Asks Sanner to assist boys subject to social control
Shame prevents boys from seeking help, says the Red Cross. They invite Minister for Integration, Jan Tore Sanner (Conservatives), to increase the focus on boys subject to social control.
The Red Cross is one of 19 organizations that Friday advised the recently appointed Minister for Knowledge and Integration on how the Government can combat social control in the best possible manner.
The organizations were originally invited by the former Minister for Immigration and Integration, Sylvi Listhaug (Progress Party), but the meeting was redirected to Sanner following the shuffles in responsibilities last week.
– Our main concern is for more emphasize on boys subject to social control. In our contact with the youngsters, we see that it is more shameful for boys to talk about the control mechanisms they are exposed to and that they therefore do not get the help they need, says Project Manager in the Red Cross, Anne Marte Stifjeld, to NTB.
Sanner has specifically asked for advice on how the Government can approach the parents. Stifjeld believes the authorities must work to clarify the boundaries between when raising a child can evolve into social control.
– It’s important that the social groups work actively and preventive. Parents may not wish to expose children to social control, but they do so because of pressure from outside the family that affects how they raise their children, Stifjeld says.
Founder and Chairman of the Pakistani Diaspora Organization DiaPraxis, Amna Wasim, says it is important to refrain from an instructive approach if minority parents are to be included.
– The approach towards parents must be inclusive. There are many positives among the parents and many who are fighting to prevent forced marriages and social control, Wasim tells NTB.
The organization was founded two years ago, and receives funding from the Directorate of Integration and Diversity (IMDi) to work against social control and involuntary marriages.
– All participating organizations provided useful input that we will pay heed to. the Government can do a lot by itself, but is dependent on collaborating with the involved organizations. It is important that we bring both the parents and not in the least the boys on board when we are addressing the issue, says the Minister of Knowledge and Integration.
Have to work internationally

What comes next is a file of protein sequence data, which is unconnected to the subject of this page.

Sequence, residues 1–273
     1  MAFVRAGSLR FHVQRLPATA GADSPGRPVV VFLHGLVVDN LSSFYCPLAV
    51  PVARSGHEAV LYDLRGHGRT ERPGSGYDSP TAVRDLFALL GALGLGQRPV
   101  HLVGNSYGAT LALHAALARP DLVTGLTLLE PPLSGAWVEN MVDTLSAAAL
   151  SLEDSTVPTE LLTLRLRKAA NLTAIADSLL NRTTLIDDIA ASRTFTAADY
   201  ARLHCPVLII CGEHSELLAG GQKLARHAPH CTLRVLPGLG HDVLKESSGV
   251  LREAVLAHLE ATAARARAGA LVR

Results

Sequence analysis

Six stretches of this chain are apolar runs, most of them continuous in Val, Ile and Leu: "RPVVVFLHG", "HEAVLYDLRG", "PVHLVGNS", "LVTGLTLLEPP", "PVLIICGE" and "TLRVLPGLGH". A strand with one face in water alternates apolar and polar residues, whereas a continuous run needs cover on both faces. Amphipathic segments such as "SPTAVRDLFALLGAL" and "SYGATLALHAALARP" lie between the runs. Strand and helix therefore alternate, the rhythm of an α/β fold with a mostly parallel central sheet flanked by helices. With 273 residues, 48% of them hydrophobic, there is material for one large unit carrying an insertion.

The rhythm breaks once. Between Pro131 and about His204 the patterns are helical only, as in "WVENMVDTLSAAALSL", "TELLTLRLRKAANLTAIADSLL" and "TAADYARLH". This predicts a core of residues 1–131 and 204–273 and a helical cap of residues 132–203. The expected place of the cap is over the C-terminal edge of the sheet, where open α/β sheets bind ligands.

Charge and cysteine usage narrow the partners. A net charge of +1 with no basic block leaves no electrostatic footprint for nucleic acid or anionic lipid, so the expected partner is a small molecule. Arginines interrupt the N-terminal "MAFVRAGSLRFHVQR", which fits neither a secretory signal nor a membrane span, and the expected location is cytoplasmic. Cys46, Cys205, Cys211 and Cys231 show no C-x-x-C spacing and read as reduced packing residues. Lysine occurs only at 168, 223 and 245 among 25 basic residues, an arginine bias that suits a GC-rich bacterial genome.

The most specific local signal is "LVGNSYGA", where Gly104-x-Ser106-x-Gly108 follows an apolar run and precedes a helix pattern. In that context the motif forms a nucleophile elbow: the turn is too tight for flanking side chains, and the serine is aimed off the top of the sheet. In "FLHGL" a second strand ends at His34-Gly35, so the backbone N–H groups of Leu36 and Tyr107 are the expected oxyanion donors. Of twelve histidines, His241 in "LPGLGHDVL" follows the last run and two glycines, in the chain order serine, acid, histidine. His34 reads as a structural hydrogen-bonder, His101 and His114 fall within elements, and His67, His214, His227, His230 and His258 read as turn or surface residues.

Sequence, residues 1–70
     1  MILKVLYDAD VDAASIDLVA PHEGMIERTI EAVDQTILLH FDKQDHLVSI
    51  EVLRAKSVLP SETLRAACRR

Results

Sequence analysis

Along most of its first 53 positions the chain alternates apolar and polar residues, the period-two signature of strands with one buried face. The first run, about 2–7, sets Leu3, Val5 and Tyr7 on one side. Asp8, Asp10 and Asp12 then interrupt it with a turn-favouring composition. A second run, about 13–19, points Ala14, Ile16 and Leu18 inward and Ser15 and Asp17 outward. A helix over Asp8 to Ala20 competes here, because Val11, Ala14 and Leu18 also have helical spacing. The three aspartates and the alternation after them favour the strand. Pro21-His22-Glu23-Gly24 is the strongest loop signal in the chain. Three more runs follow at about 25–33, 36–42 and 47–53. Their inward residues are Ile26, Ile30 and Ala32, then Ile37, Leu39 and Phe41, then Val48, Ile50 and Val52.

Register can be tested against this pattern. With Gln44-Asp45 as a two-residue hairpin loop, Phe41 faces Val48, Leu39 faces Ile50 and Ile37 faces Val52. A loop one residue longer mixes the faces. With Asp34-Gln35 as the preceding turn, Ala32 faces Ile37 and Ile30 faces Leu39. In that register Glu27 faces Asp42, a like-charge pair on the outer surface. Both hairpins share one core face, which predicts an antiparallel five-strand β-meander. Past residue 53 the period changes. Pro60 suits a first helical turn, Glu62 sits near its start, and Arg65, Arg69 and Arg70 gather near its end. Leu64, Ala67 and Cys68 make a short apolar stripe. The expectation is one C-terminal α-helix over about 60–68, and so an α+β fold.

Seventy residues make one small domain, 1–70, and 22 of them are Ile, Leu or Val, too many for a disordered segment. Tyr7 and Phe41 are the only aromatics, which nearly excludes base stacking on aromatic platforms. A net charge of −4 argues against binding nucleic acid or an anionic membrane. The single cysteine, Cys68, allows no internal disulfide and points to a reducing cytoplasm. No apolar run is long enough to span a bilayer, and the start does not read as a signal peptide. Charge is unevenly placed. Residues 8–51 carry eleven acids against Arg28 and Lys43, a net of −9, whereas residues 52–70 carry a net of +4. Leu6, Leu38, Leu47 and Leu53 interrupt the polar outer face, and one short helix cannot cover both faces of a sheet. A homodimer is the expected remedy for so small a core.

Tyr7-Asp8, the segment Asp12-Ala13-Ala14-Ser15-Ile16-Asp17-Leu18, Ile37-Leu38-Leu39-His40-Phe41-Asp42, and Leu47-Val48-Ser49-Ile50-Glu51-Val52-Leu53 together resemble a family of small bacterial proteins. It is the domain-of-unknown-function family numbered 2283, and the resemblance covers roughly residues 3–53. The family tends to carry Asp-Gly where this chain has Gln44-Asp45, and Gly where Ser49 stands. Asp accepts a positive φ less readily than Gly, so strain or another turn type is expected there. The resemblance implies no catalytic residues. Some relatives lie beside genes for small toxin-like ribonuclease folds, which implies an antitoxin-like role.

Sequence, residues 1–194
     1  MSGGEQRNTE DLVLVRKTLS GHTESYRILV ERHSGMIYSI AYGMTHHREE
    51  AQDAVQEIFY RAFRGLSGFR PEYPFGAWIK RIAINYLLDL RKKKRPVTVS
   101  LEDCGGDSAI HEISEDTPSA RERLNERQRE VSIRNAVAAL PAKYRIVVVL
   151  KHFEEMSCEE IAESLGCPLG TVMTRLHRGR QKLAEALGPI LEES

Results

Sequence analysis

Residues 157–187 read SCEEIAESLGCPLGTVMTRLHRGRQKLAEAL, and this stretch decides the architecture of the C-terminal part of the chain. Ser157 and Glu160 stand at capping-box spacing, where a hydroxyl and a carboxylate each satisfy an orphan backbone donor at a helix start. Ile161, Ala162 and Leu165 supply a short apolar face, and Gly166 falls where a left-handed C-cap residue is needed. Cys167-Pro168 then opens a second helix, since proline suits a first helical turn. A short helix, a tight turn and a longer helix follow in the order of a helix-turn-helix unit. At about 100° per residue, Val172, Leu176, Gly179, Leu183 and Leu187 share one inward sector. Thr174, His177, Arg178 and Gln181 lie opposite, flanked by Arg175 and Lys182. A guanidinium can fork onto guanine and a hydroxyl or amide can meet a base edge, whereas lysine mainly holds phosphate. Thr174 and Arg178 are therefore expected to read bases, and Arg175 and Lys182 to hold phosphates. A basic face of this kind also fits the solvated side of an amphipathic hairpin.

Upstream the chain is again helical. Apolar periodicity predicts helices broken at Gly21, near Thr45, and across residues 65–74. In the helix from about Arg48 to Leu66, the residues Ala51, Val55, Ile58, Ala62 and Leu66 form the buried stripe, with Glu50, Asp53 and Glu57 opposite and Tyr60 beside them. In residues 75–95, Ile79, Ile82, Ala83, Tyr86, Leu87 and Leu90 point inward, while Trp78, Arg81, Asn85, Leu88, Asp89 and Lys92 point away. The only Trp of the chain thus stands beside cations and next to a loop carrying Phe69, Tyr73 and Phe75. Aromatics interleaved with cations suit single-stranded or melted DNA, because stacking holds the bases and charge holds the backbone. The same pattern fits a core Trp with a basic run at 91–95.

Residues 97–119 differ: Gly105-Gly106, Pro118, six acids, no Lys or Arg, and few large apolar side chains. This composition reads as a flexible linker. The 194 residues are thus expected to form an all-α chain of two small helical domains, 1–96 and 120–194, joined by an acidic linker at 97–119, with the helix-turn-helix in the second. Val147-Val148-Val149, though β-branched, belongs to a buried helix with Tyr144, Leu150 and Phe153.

Wasim also encourages Sanner to have an international focus on the issue, because forced marriages often is cross border – between the family’s country of origin – and Norway.
– It’s important to work much more closely with foreign legations and make use of the diaspora organizations in a much greater extent, because they fit in more easily with the local culture and have better access to the audience in question, she points out.
DiaPraxis collaborates with the county councilor of Gujarat in Pakistan, locally known as “Little Norway”, as many Norwegian Pakistani people originate from the region, in order to prevent forced marriages.
Negative to ban
Recently, several parties and other actors have voiced in favour of measures against social control.
The Labour Party (Ap) on Sunday proposed a ban on arrested marriages entered into because of mental duress, and the think tank Agenda has voiced a ban on marriages between cousins. The Socialist Party (SV) has proclaimed that they will submit a 20 points proposal to fight the practice, and that they invite the other political parties join in.
– Today’s prohibition regarding forced marriage also includes marriages entered due to undue duress, including massive mental pressure. Children born because of cousin marrying cousin furthermore frequently causes health problems and we must therefore consider how to avoid this. It is however not certain that an absolute ban is the best solution, says Sanner.
Both the Red Cross and DiaPraxis are skeptical towards the proposals of prohibition forwarded by Labour and Agenda, and believe it is more important to work for attitude changes and prevention and to be in close dialogue with the target groups.
In some parts of Bangladesh siblings are allowed to marry as long as they don’t share the same mother.
© NTB Scanpix / Norway Today